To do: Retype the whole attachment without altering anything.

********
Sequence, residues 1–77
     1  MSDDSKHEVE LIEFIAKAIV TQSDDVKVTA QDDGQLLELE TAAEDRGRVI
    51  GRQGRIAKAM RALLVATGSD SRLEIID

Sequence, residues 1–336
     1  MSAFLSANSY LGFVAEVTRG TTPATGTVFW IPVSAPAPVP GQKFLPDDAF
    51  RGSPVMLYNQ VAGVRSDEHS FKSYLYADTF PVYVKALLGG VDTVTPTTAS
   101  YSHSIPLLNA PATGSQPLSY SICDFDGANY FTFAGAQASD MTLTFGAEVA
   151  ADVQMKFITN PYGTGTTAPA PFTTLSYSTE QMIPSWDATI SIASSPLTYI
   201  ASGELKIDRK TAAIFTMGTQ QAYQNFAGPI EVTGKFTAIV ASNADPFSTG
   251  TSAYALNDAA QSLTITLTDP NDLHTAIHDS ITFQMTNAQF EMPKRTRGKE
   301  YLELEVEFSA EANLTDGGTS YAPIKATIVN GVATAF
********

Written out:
Sequence, residues 1–77
     1  MSDDSKHEVE LIEFIAKAIV TQSDDVKVTA QDDGQLLELE TAAEDRGRVI
    51  GRQGRIAKAM RALLVATGSD SRLEIID

Sequence, residues 1–336
     1  MSAFLSANSY LGFVAEVTRG TTPATGTVFW IPVSAPAPVP GQKFLPDDAF
    51  RGSPVMLYNQ VAGVRSDEHS FKSYLYADTF PVYVKALLGG VDTVTPTTAS
   101  YSHSIPLLNA PATGSQPLSY SICDFDGANY FTFAGAQASD MTLTFGAEVA
   151  ADVQMKFITN PYGTGTTAPA PFTTLSYSTE QMIPSWDATI SIASSPLTYI
   201  ASGELKIDRK TAAIFTMGTQ QAYQNFAGPI EVTGKFTAIV ASNADPFSTG
   251  TSAYALNDAA QSLTITLTDP NDLHTAIHDS ITFQMTNAQF EMPKRTRGKE
   301  YLELEVEFSA EANLTDGGTS YAPIKATIVN GVATAF